“Well, yea. That’s obvious. I’m glad the car isn’t made of children. I’m glad the highway isn’t boobie trapped with surprise speed bumps made of babies. I’m glad that the gas we use in our car isn’t from a factory that processes the tears of angels. I’m glad that the internal combustion engine doesn’t utilize biomechanical components built from the contorted bodies of our grandparents. I’m glad.”

“Why you gotta say all that, man?” Derek asks, slapping his leg for emphasis.

“Because, I hate it when people set up hypotheticals like you just did. Like, when I’m at work and a guy says ‘Man, wouldn’t it be great if we got paid twenty dollars an hour?’ Well yea, of course it would be, but if we’re going to wish for whatever the hell we want, why not wish to get paid a thousand dollars an hour, or a billion. While you’re at it, why don’t you make it so we don’t have to work at all.”

“Where is all this coming from?”

“My brain. My angry, jaded brain.”

Theres a few seconds of silence interrupted by the dry roar of cars as they pass.

“I’m just angry, that’s all,” I say. “I’m sorry–I’m mad that Christmas seems to be more and more a fleeting day on my calendar. When I was young, it felt like a global event eleven months in the making. It felt like it lasted days–weeks, even. Now it’s just a blip. For the most part, everyone knows that they’re getting for Christmas months in advance, so there’s no surprise–and that joyous season we’re supposed to enjoy before and after is ruined because before Christmas we’re stressed about buying the right gifts, and then after we’re stressed trying to find enough money to stop the bleeding the holidays have stuck us with.”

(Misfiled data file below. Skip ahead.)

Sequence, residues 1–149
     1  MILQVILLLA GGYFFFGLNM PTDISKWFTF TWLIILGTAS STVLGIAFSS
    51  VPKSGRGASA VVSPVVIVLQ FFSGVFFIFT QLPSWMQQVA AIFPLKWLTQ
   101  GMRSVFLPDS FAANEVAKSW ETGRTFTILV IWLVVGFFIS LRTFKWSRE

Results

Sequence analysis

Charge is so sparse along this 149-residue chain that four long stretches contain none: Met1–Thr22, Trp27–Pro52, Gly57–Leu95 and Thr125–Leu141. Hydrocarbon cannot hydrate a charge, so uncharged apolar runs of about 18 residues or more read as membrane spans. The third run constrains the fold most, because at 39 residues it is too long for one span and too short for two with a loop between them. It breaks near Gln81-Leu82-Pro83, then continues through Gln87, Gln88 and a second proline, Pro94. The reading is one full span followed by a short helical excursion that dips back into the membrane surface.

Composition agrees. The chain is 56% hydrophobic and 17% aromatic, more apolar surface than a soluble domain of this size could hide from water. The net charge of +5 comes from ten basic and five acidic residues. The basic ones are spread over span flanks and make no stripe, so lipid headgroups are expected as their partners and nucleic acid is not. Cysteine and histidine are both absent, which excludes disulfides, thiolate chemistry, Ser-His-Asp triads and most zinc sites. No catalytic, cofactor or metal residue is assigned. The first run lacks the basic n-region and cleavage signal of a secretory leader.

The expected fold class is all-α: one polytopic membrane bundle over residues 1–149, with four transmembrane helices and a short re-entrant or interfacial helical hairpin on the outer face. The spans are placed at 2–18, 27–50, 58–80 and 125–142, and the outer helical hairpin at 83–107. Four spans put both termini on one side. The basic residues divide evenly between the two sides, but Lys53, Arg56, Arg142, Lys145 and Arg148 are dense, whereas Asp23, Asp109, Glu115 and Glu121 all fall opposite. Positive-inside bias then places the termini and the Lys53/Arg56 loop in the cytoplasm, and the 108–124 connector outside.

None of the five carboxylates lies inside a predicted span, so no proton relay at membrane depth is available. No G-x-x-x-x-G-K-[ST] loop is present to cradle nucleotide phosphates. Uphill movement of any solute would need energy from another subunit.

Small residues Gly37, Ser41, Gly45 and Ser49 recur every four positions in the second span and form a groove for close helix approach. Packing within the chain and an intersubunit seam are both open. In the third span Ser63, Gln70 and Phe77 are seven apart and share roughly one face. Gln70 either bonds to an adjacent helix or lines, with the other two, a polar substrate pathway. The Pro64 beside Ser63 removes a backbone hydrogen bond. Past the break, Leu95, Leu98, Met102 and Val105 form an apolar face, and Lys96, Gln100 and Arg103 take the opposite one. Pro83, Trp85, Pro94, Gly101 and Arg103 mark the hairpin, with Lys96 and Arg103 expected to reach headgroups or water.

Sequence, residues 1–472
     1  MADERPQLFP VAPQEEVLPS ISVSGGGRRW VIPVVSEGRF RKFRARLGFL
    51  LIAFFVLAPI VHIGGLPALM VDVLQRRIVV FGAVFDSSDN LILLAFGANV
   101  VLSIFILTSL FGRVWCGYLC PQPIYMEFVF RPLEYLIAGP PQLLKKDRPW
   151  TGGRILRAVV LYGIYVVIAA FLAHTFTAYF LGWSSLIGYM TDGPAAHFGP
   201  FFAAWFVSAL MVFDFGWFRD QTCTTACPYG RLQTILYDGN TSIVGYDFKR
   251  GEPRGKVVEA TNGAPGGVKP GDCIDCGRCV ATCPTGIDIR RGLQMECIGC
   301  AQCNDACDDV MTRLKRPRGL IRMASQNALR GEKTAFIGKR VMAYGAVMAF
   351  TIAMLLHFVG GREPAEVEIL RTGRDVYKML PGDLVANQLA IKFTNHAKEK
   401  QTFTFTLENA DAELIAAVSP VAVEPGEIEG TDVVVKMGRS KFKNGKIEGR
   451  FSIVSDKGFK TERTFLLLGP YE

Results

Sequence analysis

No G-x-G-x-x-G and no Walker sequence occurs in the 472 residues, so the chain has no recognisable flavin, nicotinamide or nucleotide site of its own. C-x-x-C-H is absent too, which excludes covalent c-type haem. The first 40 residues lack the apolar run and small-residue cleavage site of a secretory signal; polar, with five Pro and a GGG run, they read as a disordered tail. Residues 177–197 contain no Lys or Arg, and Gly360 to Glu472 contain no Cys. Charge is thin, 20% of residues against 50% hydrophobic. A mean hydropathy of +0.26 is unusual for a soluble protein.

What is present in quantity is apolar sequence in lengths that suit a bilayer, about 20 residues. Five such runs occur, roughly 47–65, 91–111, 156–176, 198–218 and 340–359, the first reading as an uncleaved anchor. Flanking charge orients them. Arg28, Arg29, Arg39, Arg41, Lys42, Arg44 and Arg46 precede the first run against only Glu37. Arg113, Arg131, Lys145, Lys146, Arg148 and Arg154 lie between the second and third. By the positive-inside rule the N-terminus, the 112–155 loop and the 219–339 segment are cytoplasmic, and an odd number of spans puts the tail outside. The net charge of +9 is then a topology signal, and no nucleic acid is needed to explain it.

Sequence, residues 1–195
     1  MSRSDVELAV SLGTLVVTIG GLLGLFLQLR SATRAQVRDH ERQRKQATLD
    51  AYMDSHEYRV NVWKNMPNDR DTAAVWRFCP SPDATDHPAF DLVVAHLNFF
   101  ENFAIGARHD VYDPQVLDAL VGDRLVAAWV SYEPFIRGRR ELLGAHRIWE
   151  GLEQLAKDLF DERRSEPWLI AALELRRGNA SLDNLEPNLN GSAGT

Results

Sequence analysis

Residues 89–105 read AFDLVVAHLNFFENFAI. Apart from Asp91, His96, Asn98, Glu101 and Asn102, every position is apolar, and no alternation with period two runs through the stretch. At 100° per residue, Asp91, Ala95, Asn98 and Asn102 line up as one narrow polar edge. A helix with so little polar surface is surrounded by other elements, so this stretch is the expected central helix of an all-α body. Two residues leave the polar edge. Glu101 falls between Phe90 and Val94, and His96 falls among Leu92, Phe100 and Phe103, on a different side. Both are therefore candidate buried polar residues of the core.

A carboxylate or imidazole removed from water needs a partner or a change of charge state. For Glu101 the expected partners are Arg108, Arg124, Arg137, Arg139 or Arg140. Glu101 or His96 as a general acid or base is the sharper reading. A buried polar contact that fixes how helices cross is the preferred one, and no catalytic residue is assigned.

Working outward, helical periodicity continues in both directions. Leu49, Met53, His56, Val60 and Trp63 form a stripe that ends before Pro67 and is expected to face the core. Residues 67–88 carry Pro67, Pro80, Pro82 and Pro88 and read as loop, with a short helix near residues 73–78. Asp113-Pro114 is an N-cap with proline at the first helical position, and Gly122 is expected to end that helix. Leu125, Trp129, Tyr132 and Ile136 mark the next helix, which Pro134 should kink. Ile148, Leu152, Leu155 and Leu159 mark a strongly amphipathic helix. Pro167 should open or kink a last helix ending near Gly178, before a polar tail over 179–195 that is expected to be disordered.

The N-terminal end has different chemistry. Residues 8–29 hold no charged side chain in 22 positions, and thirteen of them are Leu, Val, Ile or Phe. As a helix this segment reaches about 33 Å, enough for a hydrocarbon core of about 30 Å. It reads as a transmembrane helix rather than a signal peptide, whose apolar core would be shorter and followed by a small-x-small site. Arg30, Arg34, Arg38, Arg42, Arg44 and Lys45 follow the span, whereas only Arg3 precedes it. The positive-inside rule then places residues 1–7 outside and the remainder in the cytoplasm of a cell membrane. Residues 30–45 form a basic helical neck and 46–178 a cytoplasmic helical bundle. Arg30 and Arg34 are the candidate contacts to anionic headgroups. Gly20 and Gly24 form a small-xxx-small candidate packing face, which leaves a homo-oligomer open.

There is a long pause. A car drives by and honks at us. A guy throws a beer bottle out of the passenger window and it shatters ten or fifteen feet in front of us.

“That’s sad,” Derek says.

“What’s sad?”

“That guy just wanted to give us a beer.” I think Derek is kidding and snort out a short, almost perfunctory, laugh. He turns to me–eyes a bit wet. “And now he’s gone. At least he tried, though.”

I sigh and look out at the cascade of brown glass ahead of us. The truck is long gone. I will most likely never see it again, and if I do, I probably won’t recognize it. Soon I know I’m going to have to get out of the car and make the long walk to get gas for the car. Derek hates carrying fossil fuels. Something about Exxon Valdez. It’s probably horse shit.